Bil Browning

Challenging the right wing - one person at a time

Filed By Bil Browning | September 25, 2007 1:55 PM | comments

Filed in: Fundie Watch, Marriage Equality, Media, Politics
Tags: boxturtlebulletin, family values, fundamentalists, Jim Burroway, LGBT civil rights, lies, marriage, rhetoric

Box Turtle Bulletin's Jim Burroway has a post up today that will literally make you want to stand up and cheer. He suffered through the Family Impact Summit held in Tampa, Florida recently and describes an incident that stuck out. It shows all of us the importance of stating your own truth and challenging the rhetoric of the right wing extremists.

...But it mostly went like this: we're all prone to mental illnesses and physical diseases, we've all been abused as children, we're all substance abusers, and we don't really want marriage because we don't want it to interfere with our promiscuity...

After the panelists had their say (after about an hour of this, I might add), the "town hall meeting" was finally opened up to questions from the floor. And the second questioner, a brave young woman wearing a red tee-shirt, was a stunner:

Hi. My names is Cathy James and I would like to challenge all of the individuals here listening today to really take a look at some of the rationale and some of the comments that speakers have given in regard to things such as ...why government gets involved with personal relationships, that is, for the procreation of children. I think as most of the attorneys will tell you, that civil marriage was created for one purpose only, and that was property and how to divide property.

And so I am a lesbian, I live in the Riverview area with my partner of thirteen years and our son who is seven. And I go to work Monday through Friday and attend church weekly, I volunteer at the school, I volunteer at the homeowners association. And what I have a hard time understanding is why you are interested in keeping a legal framework from us in being able to handle the same things as heterosexual couples and such things as visitation, and hospital.... And how to divide our property in the same way, and how to parent our child?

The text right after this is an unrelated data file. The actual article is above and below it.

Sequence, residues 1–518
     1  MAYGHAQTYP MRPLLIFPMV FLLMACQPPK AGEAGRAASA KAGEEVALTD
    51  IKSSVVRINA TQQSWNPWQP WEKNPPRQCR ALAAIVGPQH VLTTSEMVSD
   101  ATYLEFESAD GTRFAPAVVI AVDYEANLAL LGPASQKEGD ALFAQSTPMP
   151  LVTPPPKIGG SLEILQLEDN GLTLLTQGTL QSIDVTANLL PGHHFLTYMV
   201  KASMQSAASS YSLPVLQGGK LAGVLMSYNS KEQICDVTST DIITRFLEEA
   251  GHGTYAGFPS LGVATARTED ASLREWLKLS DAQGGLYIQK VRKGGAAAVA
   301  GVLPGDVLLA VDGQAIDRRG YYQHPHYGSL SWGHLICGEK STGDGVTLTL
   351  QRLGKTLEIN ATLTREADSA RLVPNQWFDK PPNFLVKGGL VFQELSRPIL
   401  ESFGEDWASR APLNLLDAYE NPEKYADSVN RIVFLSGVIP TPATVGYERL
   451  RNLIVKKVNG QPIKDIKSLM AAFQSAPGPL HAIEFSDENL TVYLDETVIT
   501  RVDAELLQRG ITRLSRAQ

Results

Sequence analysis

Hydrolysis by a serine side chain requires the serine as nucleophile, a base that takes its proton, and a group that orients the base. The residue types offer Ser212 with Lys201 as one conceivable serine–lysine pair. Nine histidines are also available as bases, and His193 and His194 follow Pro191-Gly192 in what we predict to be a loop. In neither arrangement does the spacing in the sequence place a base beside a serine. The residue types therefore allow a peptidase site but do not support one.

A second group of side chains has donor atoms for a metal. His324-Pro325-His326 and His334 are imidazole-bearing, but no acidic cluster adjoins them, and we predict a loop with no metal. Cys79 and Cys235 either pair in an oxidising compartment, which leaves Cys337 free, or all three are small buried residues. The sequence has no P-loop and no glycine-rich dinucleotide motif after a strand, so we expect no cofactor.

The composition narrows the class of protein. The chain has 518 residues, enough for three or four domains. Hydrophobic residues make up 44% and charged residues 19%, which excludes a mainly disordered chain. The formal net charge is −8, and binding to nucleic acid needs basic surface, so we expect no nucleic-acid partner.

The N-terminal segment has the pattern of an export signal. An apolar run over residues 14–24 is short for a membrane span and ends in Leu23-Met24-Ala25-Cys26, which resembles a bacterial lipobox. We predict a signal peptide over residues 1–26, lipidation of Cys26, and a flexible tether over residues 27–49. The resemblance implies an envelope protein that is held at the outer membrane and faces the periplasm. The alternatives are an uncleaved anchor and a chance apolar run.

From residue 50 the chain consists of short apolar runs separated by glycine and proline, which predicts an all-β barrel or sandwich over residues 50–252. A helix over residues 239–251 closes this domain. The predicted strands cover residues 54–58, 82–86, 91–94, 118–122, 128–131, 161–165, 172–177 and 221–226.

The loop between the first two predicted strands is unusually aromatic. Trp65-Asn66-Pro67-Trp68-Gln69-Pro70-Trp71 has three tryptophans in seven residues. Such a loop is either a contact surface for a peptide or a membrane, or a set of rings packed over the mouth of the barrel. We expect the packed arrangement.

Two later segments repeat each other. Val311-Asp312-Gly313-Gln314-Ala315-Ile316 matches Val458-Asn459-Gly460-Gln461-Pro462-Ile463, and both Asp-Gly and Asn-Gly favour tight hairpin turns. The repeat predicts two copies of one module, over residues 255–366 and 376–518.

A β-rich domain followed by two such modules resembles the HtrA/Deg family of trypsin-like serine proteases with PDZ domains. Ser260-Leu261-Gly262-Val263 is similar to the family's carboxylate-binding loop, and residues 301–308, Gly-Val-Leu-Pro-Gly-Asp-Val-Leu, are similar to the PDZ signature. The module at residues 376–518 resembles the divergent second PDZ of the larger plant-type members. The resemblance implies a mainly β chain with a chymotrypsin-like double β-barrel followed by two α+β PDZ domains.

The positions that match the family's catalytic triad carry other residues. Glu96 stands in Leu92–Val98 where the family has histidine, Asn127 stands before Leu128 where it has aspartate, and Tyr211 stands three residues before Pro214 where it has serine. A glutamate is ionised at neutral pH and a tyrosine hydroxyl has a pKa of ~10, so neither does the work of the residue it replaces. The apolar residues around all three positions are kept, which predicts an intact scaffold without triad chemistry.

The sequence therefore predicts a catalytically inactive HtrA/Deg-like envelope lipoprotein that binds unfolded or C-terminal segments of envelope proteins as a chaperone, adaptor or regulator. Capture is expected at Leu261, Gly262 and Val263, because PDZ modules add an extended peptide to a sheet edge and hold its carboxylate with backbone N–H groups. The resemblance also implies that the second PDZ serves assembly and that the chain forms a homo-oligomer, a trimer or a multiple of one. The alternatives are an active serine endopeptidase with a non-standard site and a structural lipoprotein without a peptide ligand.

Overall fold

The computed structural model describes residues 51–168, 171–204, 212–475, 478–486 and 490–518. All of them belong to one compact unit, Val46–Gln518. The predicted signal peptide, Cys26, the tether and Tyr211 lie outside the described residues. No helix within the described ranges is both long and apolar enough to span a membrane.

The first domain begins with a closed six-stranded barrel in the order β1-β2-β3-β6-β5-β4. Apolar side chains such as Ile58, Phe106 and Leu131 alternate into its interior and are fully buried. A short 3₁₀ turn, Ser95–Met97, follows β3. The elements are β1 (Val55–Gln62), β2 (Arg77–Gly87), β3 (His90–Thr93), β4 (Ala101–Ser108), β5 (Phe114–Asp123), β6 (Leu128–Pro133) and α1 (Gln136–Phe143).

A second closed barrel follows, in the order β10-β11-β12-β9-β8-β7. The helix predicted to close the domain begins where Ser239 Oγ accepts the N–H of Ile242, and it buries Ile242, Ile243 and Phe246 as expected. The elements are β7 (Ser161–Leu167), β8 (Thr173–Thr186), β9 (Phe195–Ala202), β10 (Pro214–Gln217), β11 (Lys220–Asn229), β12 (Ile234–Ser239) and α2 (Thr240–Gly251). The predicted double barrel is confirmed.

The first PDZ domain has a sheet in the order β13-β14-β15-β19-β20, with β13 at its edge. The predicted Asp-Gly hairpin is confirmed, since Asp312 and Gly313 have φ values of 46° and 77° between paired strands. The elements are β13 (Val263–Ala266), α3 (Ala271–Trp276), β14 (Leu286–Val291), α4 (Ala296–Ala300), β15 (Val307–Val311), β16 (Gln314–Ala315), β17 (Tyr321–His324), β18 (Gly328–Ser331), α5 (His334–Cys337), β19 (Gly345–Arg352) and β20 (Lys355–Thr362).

The stunned silence was amazing.

Click thru to read the rest of the story and see how the fundies try to counter logic with more rhetoric.

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Cathy states that Civil Marriage was created for one purpose only…property and how to divide property? Does that make sense?

If two parties are worried about how their joint property will be divided upon their death or in the event that they just simply don’t want their property held jointly any longer, does marriage seem like the best way to determine who will get what property? It seems like a will or a contract would be a better fit than a marriage agreement, does it not?

It seems like there must be some additional motivations involved for the government to offer and people to bind themselves to a marriage agreement than just property. Doesn't Cathy oversimplify the issue?

Well, I don't really know if I subscribe to the substance of what Cathy's saying, but the reaction from the people she's talking to is priceless? Who cares if she's got it right on the origin of marriage (which, BTW, had a lot to do with property division.... like who owns what woman).

It is exponentially more complicated than Cathy's representation of the issue. However, the part that did not make it into Bil's post was this:

And as I sat down to enjoy another dose of verbal gay-bashing at a town hall meeting called “Defending Marriage: What’s At Stake?” I overheard two people behind me talking about a small protest by gay activists that was taking place outside.

“Do you think any of them will try to come in here?” the older one asked.

“Nah. They won’t bother because they know they won’t be able to find anyone to have sex with afterwards,” sneered the other.

“Hah! So true!”

When the people you are trying to make a point to can only see in two opposing views (black or white, right or wrong, us or them), you have no choice but to boil it down to something pretty simple.

Marla R. Stevens Marla R. Stevens | September 26, 2007 10:46 PM

However it started, today, for a significant number of us who have gotten civil marriages, it's about the commitment with the backing of the law -- it just adds a depth and sense of security to our relationship commitments that we could never have imagined prior to becoming civilly married.

And it's about simple justice -- a form of being real and having that acknowledged by equal access to that big rite of passage of civil marriage.